Visual Merchandiser: Skills, Duties and Job Description

Visual Merchandiser: Skills, Duties and Job Description

Samiksha Chougule
Department of Textiles (Fashion Technology)
DKTE’S Textile & Engineering Institute, Ichalkaranji, India
Intern at Textile Learner


Who Is a Visual Merchandiser?
A Visual Merchandiser is a professional that designs and maintains store displays in order to make things more visually appealing to customers. They also keep an eye on current trends to ensure that products remain relevant to customers. As creative and innovative thinkers, they use their skills in visual design and space utilization to enhance the aesthetic appeal of window displays, walkways, counters, and in-store displays.

Visual Merchandiser
Fig: Visual merchandiser

Duties and Responsibilities of a Visual Merchandiser:
Daily planning and construction of displays that optimize effect is the responsibility of a visual merchandiser. While retaining tight relationships at higher levels of retail, they move equipment, design signage, set up lighting, and work with suppliers. They also engage in price negotiations and marketing strategy discussions.

  1. Create an innovative visual merchandising strategy and define, design, and implement it.
  2. Create visually stimulating displays that draw customers throughout the whole store.
  3. Create floor plans, signs, interior displays, window displays, and promotional materials.
  4. Establish a clear picture of the outcome and identify the main messages.
  5. Create, edit, and present design concepts with the help of the assistant merchandisers.
  6. Behave in a way that is consistent with the organization’s target market, culture, and products.
  7. Keep costs under control and stay on budget.
  8. Oversee manufacturing and provide workers instructions on setting up displays.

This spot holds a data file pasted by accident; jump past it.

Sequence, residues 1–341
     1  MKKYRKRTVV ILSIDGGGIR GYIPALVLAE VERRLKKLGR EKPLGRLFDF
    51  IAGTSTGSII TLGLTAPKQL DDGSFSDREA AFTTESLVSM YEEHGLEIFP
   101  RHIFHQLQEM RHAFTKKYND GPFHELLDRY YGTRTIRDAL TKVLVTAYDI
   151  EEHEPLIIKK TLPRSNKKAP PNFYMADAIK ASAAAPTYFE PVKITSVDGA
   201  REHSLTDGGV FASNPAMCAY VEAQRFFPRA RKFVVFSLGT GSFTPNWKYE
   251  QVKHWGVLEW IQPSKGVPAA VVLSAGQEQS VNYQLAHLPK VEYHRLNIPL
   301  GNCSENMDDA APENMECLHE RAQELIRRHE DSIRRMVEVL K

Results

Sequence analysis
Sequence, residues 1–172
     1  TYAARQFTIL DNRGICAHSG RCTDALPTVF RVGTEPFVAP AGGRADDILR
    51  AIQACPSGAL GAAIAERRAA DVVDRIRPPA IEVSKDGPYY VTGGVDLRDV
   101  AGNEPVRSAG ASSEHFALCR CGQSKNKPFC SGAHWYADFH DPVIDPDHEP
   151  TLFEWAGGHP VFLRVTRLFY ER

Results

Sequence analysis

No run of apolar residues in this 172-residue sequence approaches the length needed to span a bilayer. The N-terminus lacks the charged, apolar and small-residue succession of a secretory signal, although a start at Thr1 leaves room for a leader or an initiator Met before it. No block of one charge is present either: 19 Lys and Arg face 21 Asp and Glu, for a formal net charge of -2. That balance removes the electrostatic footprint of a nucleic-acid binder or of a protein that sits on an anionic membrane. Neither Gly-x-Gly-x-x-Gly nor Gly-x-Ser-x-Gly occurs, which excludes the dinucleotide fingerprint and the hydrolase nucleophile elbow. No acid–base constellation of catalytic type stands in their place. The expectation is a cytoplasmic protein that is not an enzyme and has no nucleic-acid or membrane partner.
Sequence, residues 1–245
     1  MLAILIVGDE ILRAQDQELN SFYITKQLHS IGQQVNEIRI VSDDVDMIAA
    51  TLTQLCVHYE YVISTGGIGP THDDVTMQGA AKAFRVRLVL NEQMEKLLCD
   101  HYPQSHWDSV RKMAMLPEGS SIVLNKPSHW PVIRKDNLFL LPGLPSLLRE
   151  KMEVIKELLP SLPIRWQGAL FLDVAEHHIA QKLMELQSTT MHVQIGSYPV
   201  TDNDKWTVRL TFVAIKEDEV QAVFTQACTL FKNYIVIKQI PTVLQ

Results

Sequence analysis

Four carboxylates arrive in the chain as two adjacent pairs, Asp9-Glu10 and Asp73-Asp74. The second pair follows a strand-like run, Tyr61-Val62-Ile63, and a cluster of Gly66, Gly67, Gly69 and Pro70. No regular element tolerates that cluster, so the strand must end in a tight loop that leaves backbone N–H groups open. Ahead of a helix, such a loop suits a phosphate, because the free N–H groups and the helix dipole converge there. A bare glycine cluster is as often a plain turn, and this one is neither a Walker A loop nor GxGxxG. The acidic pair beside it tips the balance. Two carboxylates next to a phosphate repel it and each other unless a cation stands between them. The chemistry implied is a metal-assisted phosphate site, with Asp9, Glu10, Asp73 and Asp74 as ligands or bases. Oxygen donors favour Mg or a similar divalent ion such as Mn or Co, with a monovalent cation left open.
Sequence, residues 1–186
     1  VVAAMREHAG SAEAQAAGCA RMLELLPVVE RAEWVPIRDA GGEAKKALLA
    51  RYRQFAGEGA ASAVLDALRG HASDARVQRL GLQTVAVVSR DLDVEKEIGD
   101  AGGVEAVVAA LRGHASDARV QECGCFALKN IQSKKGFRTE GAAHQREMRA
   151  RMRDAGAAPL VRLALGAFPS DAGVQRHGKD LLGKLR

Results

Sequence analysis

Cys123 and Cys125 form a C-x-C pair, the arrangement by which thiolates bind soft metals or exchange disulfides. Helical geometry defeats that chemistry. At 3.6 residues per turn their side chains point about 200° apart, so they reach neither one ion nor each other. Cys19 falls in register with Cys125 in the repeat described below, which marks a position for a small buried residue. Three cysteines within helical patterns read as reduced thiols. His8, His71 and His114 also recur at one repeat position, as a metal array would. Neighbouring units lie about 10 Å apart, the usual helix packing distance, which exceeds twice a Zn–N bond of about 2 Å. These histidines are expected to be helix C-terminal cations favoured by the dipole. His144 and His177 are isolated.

9. Displays should be altered to match holiday or seasonal themes and to advertise new product launches.
  10. Communicate with vendors and find components
  11. Do some lifestyle, demographic, and fashion trend research.

Requirements or Skills Required to Become a Visual Merchandiser:
Given its recent and dynamic history, visual merchandising is typically studied in specialized institutions and creative academies, which are able to foresee the future of a field that is turning storefront windows into soundstages for installations and performances.

A successful visual merchandiser possesses the ideal combination of product expertise, style, marketing know-how, and design sensibility. They must be knowledgeable about the store’s merchandise as well as current fashions in order to design displays that are appealing to clients. They are imaginative but never lose sight of their goal of showcasing the store’s goods.

  1. Strong retail merchandising portfolio and demonstrable visual design skills
  2. Solid background in visual merchandising, including space utilization, interior displays, signs, and window displays
  3. A working knowledge of Photoshop, Illustrator, or another graphic design program
  4. Understanding of the best techniques and current trends in visual merchandising
  5. Mastery of Microsoft Office
  6. Imaginative and original thinking